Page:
Report: ‘System Safety’ Approach Needed for Offshore Oil Drilling
The regulation of safety in offshore oil drilling operations is a hot topic in Canada. For example, after Shell Canada recently won a bid to conduct deepwater oil exploration off Nova Scotia, calls for a separate safety agency independent of the federal-provincial offshore regulator were renewed.
Robert Wells, a retired NL judge, had recommended the establishment of a separate offshore safety agency after leading an inquiry into the March 2009 crash of Cougar Flight 491, which killed 17 people as it was ferrying offshore oil workers. But to date, the government has only said it’s talking with the federal government and counterparts in Newfoundland about these recommendations.
In the US, the Deepwater Horizon explosion and oil spill in the Gulf also raised issues about safety in offshore oil drilling operations. A new report on that incident from the National Academy of Engineering and National Research Council says that companies involved in offshore drilling should take a “system safety” approach to anticipating and managing possible dangers at every level of operation. It also recommends an enhanced regulatory approach that combines strong industry safety goals with mandatory oversight.
The report blames the lack of effective safety management among the companies involved in the disaster and regulators’ failure to exercise effective oversight for the tragedy and environmental mess.
For example, several signs of an impending blowout were missed by management and crew, resulting in a failure to take action in a timely manner. And despite numerous past warnings of potential failures of blowout preventer systems, both industry and regulators had a “misplaced trust” in the ability of these systems to act as fail-safe mechanisms in the event of a well blowout.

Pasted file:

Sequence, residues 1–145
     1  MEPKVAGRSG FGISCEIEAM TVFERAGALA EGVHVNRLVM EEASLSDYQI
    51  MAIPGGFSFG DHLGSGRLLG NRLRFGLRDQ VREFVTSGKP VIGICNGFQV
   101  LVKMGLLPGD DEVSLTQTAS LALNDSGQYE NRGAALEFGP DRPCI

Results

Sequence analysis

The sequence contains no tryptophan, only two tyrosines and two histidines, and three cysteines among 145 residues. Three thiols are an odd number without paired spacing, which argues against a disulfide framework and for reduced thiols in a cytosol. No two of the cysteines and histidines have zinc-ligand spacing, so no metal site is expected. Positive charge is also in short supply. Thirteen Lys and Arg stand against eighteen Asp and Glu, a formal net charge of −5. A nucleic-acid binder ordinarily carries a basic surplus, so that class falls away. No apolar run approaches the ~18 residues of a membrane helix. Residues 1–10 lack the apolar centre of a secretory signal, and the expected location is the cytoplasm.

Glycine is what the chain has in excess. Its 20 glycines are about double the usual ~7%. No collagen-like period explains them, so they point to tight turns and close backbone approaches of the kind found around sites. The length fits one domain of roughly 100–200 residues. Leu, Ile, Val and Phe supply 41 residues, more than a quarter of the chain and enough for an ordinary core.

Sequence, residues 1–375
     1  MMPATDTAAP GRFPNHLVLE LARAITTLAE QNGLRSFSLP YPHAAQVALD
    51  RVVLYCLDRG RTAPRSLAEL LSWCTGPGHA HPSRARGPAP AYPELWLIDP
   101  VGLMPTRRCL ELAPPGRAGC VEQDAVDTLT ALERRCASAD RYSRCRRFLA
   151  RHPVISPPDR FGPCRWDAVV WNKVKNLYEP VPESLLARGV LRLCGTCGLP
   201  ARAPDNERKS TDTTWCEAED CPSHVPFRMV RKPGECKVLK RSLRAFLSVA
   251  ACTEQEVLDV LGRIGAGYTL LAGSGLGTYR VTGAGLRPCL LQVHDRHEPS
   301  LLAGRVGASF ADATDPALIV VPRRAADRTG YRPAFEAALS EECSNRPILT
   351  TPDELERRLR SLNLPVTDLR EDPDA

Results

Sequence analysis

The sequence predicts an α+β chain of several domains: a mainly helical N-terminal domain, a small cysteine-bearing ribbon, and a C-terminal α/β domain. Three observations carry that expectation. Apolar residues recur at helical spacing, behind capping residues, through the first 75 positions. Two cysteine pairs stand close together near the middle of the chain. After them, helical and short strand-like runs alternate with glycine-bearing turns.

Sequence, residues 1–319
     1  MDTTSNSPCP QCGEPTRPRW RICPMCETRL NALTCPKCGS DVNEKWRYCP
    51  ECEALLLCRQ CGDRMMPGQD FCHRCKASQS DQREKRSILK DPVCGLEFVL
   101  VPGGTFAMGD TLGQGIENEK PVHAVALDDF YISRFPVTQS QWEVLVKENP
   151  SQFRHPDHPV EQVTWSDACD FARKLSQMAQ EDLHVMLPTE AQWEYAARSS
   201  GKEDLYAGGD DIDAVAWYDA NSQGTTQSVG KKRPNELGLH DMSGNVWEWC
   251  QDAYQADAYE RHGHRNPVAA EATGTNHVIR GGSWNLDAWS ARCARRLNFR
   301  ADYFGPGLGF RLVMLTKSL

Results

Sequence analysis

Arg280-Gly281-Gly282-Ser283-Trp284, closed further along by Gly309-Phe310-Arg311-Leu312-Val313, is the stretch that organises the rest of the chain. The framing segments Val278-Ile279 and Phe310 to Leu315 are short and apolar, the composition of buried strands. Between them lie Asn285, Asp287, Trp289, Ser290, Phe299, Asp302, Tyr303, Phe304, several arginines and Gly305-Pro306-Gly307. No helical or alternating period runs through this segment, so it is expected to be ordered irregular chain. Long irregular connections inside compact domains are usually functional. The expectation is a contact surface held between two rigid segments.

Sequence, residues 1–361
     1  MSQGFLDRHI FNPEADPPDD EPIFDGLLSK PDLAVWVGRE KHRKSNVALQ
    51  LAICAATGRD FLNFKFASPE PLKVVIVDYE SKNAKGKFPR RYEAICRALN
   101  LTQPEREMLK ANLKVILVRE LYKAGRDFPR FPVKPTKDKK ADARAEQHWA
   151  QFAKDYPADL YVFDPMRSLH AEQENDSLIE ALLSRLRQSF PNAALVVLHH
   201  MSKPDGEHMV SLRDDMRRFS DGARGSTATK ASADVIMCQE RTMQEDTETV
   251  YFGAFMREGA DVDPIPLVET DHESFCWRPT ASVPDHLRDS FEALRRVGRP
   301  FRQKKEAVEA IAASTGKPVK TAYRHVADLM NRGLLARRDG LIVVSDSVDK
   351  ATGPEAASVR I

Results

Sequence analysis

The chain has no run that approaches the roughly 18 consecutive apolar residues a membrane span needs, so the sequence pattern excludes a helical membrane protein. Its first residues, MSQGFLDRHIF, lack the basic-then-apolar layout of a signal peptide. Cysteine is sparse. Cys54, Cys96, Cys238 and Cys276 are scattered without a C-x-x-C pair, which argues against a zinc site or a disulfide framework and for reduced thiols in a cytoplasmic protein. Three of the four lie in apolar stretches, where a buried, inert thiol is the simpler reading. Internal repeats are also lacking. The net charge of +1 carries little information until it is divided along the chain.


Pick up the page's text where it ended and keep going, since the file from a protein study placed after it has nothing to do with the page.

- Operating companies should have ultimate responsibility and accountability for well integrity because only they possess the ability to view all aspects of well design and operation.
- The drilling contractor should be held responsible and accountable for the operation and safety of the offshore equipment.
- Both industry and regulators should significantly expand the formal education and training of personnel engaged in offshore drilling to ensure that they can properly implement system safety.
- Guidelines should be established so that well designs incorporate protection against the various credible risks associated with the drilling and abandonment process.
- Regulators should identify and enforce safety-critical points that warrant explicit regulatory review and approval before operations can proceed.
The report did call the US Department of the Interior’s establishment of a Safety and Environmental Management Systems (SEMS) program, which requires companies to demonstrate procedures for meeting explicit goals related to health, safety and environmental protection, a “good first step” toward an enhanced regulatory approach.